I know – it’s been a long blogging lapse for this primate. I have a good excuse…well, an excuse, in any event. Over the past two years, I’ve been working on researching why Live Oak, the unincorporated urban community between Santa Cruz and Capitola (where I and about 25,000+ others live), never annexed to our adjacent city of Santa Cruz, or Capitola, nor was it incorporated as its own city. And also, why the road across the gulch – Arana Gulch, which separates Live Oak from Santa Cruz – was never built. This all came down back in the 1960’s & 70’s.
I’ve tried to explain it all in a new piece written for our local Santa Cruz County history journal. Well, not really ‘all’…I had to shorten my original draft by nearly half, but, (one hopes), it’s the essential half of the story that survived. The article, “Between the Gulches: The Twin Fates of Live Oak Cityhood and the Broadway-Brommer Road“, sits in the good company of other stories of that era in this new History Journal Number 9, LandScapes: Activism That Shaped Santa Cruz County 1955-2005, published by the Santa Cruz Museum of Art & History (MAH, 2018, available at the Santa Cruz MAH, Bookshop Santa Cruz, & Amazon).
Here’s the link to my Live Oak history article.
As a long time member of the MAH board of trustees, three years ago I was appointed as the board representative on the MAH History Publications Committee (…I think they didn’t know where else to put me, loud-mouthed old lady that I am, plus I was already committed to this article – no clue about what it would mean!). My tenure coincided with the three years of creating, editing and publishing this journal. The people who do this work – the staff & volunteers, authors & editors – are incredibly thoughtful, amazingly diligent, and extremely capable professionals, & our community at large is very fortunate to be the beneficiary of their ongoing, labor-intensive local history efforts.
Writing this history article was very hard work…an act of love, really. In my case, the love is for this particular patch of earth I live & walk on. While my article tries to answer still-pertinent questions, it’s mostly an ode to geography & how fundamental it is to human evolution. The grounding of our communities.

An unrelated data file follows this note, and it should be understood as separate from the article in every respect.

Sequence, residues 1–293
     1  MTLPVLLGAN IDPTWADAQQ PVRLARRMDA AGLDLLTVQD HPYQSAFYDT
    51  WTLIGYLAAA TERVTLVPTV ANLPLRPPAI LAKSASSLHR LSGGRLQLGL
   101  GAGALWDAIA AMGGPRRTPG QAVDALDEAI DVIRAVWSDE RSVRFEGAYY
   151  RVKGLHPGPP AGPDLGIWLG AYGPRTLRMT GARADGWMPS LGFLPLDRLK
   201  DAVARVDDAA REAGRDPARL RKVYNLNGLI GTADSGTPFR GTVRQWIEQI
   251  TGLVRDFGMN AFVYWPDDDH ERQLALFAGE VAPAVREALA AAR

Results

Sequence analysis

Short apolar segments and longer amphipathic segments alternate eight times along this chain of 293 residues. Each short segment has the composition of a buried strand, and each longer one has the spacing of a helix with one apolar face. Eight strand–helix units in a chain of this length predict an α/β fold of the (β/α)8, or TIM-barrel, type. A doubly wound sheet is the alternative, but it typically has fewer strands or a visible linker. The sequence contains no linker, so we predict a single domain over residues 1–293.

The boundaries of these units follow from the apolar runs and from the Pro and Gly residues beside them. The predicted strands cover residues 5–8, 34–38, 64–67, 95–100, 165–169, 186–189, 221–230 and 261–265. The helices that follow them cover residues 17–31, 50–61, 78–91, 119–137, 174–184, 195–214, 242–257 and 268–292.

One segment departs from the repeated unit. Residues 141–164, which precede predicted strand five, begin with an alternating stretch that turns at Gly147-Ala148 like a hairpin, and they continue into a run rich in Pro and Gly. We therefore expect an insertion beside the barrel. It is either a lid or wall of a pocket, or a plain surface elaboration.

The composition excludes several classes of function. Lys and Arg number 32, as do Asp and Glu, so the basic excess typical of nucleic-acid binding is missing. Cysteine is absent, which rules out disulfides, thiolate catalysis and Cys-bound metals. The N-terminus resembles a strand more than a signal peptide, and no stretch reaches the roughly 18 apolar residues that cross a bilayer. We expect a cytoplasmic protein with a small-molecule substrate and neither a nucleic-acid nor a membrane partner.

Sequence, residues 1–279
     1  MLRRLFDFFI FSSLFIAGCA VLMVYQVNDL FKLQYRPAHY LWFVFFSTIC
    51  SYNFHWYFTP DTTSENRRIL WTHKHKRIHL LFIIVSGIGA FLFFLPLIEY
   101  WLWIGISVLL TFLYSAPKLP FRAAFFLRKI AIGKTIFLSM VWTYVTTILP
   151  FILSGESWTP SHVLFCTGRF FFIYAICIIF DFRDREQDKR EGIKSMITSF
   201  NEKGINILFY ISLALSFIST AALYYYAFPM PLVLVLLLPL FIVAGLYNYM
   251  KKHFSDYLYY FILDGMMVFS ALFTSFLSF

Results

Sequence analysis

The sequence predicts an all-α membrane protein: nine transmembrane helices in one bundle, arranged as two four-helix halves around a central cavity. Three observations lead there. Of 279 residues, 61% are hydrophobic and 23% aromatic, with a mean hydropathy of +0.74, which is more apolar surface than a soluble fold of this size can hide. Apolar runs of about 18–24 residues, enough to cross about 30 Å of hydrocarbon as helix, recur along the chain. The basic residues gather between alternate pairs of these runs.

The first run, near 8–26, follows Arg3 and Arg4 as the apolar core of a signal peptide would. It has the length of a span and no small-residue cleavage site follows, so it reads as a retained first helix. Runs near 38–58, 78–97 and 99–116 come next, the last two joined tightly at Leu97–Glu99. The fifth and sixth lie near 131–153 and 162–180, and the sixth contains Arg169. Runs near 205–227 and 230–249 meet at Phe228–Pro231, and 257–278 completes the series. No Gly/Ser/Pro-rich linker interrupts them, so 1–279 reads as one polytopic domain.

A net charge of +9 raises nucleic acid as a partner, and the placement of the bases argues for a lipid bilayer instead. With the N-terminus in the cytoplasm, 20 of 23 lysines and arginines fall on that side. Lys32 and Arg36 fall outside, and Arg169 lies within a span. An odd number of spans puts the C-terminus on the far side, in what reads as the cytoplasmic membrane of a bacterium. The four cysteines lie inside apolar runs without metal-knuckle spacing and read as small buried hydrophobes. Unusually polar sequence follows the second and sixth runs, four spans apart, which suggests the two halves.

My long-time friend Elizabeth Schilling was the editor and primary inspiration for this history journal. Joan Martin, long-time friend of Sharon Cadwallader of the Whole Earth Restaurant, was my gently assertive & wonderful editor. Marla Novo was our concert master and is the fabulous Archives & Collections Catalyst at the MAH. **!!YAY!!** Thank you so much, Elizabeth, Joan, Marla, Frank Perry, Lisa Robinson, Carey Casey, & all the rest!!
I am in awe of historians everywhere. Viva Los Esteros!
(here’s the bibliography, if you’re so inclined.)
Terrific piece of research, Linda!
Hi Hilary! – thank you so much for your note about connecting w old friends. I was so sad to have missed the fun last fall. I’m adding the 70th birthday date to my calendar right now! I appreciate you signing up for my blog. All the best, Linda
Your article is such an accomplishment! You’ve made this so accessible by linking your article. Thank you. Now, or soon, I hope you have more time for your blog and other writing.
Excellent and interesting article. This clearly points out the differences between the growth of the central valley cities and the growth ( or lack thereof ) of northern California coastal cities. If one looks at Fresno or Modesto for example, the lack of an involved population, a different geography, and the existence of affordable housing made rampant annexation a non-controversial issue. One could easily use this article as the basis to begin a discussion as to whether an urban area is better off ( measured by say quality of life, just to make things difficult ) with multiple smaller cities (eg. Santa Cruz, Salt Lake City, or Pittsburgh) or one megacity (eg. Phoenix, Houston or Oklahoma City).
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